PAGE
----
Book Review: World Without End – By Ken Follett

Right after reading Pillars of the Earth, I picked up the hardcopy of World Without End. This story takes place in the same fictional town in Southern England, Kingsbridge, where Pillars was staged, only about 200 years later. Not much has changed in terms of society and technology in the 200 years that have passed.

People are still enslaved by their masters, the nobility. The nobility perpetuates by inheritance, for the most part, and by intrigue. A king’s wife takes on a lover and kills the king, only to have her 14 year old son take over the kingdom much earlier than she thought. A corrupt nobleman kills his child wife to get rid of her, so he is eligible to marry the recently widowed countess only so he can be the earl.

Yet, when a peasant family gets wiped out by the plague, and only one 16 year old son remains, and the son asks for the land holdings of his father, about 90 acres, the lord of the village denies him that right and simply gives the land to another peasant who is more in his favor, all based on an excuse. The peasant may have rights, but enforcing those rights is just about impossible, when the lord is not only the owner of everything, but is also appointed by the overlord, as well as the king. The king, being the ultimate judge, will in most cases adjudicate in favor of the lord, as it is the lord who is the knight and collects the army so the king can go to war.

The nobility lives lavishly, albeit dangerously, on the backs of the peasants and the merchants, who are being taxed for the use of the land, the roads and the bridges. The people supply tithes to the church. When a peasant or merchant dies, there is an inheritance tax, a heriot, which is a substantial portion of the value that also gets siphoned off by the lord. Wages for peasants are set. When the labor pool is depleted, and peasants start wandering to other villages for higher wages, parliament passes a law that peasants are not allowed to leave their villages to take on work in other villages.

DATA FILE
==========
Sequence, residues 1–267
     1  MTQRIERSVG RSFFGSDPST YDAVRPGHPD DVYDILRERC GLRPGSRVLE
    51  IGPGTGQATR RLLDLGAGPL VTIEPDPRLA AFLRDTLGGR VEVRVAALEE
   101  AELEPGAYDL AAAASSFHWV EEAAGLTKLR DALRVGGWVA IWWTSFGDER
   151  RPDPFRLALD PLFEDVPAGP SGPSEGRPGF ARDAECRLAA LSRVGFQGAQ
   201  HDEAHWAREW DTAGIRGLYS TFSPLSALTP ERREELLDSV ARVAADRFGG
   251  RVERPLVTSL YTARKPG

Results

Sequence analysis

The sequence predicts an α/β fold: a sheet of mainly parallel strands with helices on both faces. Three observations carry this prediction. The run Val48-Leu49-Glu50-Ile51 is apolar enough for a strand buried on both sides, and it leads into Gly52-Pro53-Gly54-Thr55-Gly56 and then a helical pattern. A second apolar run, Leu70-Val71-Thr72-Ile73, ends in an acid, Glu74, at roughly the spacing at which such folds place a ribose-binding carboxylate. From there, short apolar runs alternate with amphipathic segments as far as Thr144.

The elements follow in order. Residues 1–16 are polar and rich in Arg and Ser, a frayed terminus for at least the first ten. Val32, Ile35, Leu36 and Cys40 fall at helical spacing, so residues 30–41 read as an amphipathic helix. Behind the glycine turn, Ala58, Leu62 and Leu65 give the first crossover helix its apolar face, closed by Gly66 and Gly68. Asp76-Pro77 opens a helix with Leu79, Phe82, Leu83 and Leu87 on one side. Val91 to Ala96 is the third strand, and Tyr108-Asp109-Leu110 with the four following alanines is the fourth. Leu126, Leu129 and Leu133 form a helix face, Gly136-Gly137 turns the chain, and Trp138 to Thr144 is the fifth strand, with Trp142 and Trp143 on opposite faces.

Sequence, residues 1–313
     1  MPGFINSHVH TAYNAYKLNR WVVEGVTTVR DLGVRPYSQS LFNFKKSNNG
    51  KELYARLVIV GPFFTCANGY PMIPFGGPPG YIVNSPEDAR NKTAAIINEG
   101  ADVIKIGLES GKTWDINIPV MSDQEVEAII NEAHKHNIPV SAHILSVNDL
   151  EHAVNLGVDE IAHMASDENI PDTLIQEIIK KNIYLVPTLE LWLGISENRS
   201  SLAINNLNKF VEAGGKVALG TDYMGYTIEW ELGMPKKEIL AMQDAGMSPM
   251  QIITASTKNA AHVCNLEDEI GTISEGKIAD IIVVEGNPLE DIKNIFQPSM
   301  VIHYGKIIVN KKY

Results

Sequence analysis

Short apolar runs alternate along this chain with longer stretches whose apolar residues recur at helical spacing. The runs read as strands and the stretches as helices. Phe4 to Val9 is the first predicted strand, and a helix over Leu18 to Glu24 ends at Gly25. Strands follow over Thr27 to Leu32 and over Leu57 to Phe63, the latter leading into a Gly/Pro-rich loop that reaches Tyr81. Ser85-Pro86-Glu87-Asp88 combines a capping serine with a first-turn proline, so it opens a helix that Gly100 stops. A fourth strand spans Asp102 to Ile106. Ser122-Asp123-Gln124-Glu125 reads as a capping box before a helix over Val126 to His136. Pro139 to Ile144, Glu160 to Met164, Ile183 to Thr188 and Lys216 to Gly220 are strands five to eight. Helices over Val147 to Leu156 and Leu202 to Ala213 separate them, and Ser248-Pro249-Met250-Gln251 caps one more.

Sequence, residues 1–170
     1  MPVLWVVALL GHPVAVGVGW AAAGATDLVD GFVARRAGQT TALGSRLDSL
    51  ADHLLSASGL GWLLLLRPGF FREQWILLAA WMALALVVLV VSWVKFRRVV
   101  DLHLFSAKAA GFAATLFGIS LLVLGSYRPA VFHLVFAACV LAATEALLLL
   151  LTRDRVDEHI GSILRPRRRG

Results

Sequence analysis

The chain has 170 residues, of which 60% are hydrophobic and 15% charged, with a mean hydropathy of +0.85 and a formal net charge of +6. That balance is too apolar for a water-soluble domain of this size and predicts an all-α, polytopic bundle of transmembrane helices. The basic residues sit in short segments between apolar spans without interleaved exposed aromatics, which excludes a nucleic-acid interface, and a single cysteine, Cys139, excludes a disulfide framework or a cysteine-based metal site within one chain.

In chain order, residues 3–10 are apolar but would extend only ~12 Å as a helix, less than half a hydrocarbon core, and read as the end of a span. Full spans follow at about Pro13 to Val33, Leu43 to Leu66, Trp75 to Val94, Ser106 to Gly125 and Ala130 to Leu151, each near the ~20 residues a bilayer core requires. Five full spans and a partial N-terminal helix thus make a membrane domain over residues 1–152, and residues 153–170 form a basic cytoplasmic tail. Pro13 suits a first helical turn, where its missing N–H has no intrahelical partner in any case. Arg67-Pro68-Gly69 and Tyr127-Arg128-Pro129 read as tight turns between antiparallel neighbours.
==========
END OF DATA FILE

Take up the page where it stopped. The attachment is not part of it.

Of course, parliament is full of land owners and lords. There isn’t a peasant represented. So in essence, the people are imprisoned by their lords, who can tell them what to grow and what not to grow, even though often they don’t have any idea about agriculture. They pay the peasants according to the established customs, but when things get hard, after a bad harvest or other problems, the lord has no scruples about not paying the peasants, while collecting rent anyway, either in cash, if they can, or in livestock or harvested goods.

The plague, which decimated Europe in the 14th century, is depicted in this story. I learned about its devastating effect on the society. The people were helpless. They did not know what caused it, and they didn’t know what to do about it. To make matters worse, the clergy, which also enompassed most of the physicians and nurses, was steeped in superstition and pseudo science, and “medical” practices actually ended up making things worse in some cases. The plague was a great equalizer, as it didn’t care about the difference between the nobility, the clergy, the merchants and the peasantry. It killed equally and efficiently.

Reading Pillars of the Earth and World Without End I learned more about the functioning of medieval monarchies than in my whole life before. World Without End is a 1000 page book, and you follow a cast of characters through a couple of generations in the mid 14th century. The characters become part of your life for a while, and when you turn the last page, you are sad that you have to leave them behind.

Book Review: The Pillars of the Earth – by Ken Follett